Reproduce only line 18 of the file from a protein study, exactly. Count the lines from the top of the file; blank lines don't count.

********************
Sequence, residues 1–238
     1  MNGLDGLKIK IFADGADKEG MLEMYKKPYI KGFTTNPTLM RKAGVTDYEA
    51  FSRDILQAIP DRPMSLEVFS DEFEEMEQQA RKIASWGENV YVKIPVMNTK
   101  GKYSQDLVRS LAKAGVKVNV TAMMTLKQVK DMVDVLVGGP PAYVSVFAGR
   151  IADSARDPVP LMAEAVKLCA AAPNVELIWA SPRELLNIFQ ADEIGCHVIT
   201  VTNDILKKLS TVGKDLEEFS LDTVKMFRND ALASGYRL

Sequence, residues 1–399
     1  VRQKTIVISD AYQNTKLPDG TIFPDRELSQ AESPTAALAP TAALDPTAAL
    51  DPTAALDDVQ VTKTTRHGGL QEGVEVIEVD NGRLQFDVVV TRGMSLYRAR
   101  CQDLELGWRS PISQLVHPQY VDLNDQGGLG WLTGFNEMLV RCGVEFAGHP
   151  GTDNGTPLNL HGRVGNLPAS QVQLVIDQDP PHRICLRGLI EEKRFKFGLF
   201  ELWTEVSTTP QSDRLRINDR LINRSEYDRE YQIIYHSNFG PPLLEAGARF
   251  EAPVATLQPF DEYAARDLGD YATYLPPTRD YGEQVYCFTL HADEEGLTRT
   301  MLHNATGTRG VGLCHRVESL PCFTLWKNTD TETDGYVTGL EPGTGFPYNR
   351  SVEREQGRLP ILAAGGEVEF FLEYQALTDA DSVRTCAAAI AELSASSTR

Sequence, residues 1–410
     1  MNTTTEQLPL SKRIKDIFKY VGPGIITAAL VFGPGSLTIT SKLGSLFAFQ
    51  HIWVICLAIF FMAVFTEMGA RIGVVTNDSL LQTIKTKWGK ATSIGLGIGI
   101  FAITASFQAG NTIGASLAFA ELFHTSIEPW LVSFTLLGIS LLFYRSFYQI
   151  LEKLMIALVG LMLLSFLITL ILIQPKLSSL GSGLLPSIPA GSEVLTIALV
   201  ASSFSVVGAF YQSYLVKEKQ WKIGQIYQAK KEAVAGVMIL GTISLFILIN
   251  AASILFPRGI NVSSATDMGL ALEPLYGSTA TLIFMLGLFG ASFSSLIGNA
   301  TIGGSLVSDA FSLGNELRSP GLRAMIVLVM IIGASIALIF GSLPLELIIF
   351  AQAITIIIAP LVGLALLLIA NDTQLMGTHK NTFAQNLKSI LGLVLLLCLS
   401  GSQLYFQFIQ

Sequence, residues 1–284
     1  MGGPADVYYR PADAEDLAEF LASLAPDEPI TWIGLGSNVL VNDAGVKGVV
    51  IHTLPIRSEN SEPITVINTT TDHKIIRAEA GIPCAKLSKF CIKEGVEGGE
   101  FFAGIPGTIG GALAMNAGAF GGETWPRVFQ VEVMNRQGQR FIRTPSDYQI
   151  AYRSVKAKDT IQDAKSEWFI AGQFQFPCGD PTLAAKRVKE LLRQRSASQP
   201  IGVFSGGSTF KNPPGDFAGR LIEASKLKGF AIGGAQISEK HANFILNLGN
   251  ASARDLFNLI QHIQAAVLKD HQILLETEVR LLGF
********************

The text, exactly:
    51  HIWVICLAIF FMAVFTEMGA RIGVVTNDSL LQTIKTKWGK ATSIGLGIGI